This also applies to disaster management: assets, and thus losses, are often recorded in the names of the family man, and interviews continue to assess damages and needs in the overrepresentation of household heads (men), despite the fact that often the man is the most absent person in the household. Hence it is not always the best person to represent the needs of the whole family. It also means that we often do not understand the impact on women, even if they are the ones affected the most.

In Early Warning Systems (EWS), for example, women and men can access, process, interpret and respond to alerts in different ways. However, alert communication tends to favor male facts and behaviors. For example, EWS increasingly prefers mobile devices, but is more affordable for men than women; The GSMA states in its recent report that the gender gap in mobile internet use in low- and middle-income countries remains large, with more than 300 million fewer women accessing the mobile Internet than men. Decreased access to education (and thus literacy), timing of the “standard” alert that often occurs when women are cooking or engaging in childcare activities, public responsibility for children or the elderly while responding to alerts, and communication alert that directs people to shelters even if Having no safeguards, it ignores women’s realities and disrupts women’s true access to standard EWS.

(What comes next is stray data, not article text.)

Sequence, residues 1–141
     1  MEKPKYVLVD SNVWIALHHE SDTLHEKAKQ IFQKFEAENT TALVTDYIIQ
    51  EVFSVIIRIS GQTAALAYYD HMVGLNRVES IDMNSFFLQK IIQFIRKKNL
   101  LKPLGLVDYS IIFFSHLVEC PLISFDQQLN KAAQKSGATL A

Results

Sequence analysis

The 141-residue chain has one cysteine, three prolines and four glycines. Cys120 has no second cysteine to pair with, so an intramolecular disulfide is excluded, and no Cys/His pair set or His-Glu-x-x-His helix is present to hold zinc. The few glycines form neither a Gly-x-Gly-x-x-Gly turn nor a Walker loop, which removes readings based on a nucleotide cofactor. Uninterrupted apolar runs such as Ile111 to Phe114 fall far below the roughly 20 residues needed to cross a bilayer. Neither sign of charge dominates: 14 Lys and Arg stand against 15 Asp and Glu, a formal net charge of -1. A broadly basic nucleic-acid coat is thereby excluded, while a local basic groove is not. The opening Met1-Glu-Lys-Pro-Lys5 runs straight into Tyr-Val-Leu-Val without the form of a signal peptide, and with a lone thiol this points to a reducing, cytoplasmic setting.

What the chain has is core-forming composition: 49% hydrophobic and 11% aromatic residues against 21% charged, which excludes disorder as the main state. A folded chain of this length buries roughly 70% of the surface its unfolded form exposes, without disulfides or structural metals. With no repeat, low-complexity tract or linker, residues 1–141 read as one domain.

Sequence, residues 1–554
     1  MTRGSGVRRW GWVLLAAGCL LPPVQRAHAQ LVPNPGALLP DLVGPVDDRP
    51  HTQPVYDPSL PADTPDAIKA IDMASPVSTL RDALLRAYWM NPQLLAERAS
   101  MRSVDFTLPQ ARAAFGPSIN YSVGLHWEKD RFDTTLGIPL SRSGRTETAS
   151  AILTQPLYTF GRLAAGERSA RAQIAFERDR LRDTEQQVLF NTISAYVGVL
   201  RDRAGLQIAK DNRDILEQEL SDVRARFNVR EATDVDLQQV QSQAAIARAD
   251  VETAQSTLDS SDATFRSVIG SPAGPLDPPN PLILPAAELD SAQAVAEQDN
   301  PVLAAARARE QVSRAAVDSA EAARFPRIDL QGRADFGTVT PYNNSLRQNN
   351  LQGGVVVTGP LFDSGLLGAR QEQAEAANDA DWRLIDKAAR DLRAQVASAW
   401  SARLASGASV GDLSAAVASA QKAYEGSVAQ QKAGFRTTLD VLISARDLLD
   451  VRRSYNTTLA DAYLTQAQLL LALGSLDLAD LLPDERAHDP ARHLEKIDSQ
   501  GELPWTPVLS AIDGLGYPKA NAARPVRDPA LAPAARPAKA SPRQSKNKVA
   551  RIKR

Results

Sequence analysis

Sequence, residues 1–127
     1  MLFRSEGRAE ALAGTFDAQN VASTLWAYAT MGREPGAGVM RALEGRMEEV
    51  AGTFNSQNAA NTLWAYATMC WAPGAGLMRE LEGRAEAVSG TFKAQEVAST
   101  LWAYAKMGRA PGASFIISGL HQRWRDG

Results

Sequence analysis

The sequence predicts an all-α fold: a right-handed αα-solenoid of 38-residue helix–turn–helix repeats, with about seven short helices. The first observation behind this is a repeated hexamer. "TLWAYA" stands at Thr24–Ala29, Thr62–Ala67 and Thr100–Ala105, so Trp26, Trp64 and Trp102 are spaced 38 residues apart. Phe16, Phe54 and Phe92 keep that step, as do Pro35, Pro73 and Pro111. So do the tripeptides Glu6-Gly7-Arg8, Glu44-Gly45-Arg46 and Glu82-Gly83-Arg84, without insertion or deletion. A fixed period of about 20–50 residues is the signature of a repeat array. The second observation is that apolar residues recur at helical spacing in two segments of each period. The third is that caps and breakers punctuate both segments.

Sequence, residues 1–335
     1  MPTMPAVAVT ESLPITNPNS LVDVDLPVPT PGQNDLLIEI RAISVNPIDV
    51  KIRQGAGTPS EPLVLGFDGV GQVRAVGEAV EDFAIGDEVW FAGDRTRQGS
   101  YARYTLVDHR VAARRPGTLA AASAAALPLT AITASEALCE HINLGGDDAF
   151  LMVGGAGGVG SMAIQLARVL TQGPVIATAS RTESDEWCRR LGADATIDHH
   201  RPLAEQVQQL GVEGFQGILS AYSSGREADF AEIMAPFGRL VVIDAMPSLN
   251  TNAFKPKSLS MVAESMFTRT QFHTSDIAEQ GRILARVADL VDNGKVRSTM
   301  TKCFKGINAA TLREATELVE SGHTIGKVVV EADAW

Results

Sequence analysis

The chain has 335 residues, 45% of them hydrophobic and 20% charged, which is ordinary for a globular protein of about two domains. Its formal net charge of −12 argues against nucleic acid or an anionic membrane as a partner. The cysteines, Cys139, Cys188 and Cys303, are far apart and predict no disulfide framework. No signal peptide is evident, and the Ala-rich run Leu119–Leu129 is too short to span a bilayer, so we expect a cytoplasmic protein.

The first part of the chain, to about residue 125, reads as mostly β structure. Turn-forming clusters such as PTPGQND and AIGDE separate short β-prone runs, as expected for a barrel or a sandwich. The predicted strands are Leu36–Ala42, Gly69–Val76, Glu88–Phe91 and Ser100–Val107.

Second, gender inequality in society increases vulnerability to disasters, increases vulnerability to risk and constrains capacity, which often leads to a post-disaster poverty spiral and a widening poverty gap between women and men. Various structures of inequality, such as access to education, land ownership and the gender wage gap, contribute to poverty and disaster risk, as poverty, for example, pushes people to live in areas that may be exposed to floods or in buildings constructed with inferior housing materials. It is likely to be damaged in a hurricane or earthquake.

Third, women tend to be excluded from decision-making at all levels and have less decision-making power in most societies. However, women can be powerful agents of change and play a major role in building resilience within the family, community and economy.

What can be done to address gender inequality amplified by disasters?

The international community recognizes the importance of gender in disaster management, and gender is recognized as a key factor in the Sustainable Development Goals (SDGs), the Sendai Framework for Disaster Risk Reduction, and the humanitarian agenda.

To turn such frameworks into reality, all stakeholders – from governments to civil society, societies to the United Nations, academia to the private sector – all play a role.

Why is this important to the private sector?

Stay tuned for our next blog, where we will talk more about the role of the private sector, and ask questions such as:

Which sectors of the economy are most affected by disasters?

What is the role of micro, small and medium enterprises and the business sector in addressing poverty and making societies more resilient?

How can gender help companies be more disaster resilient?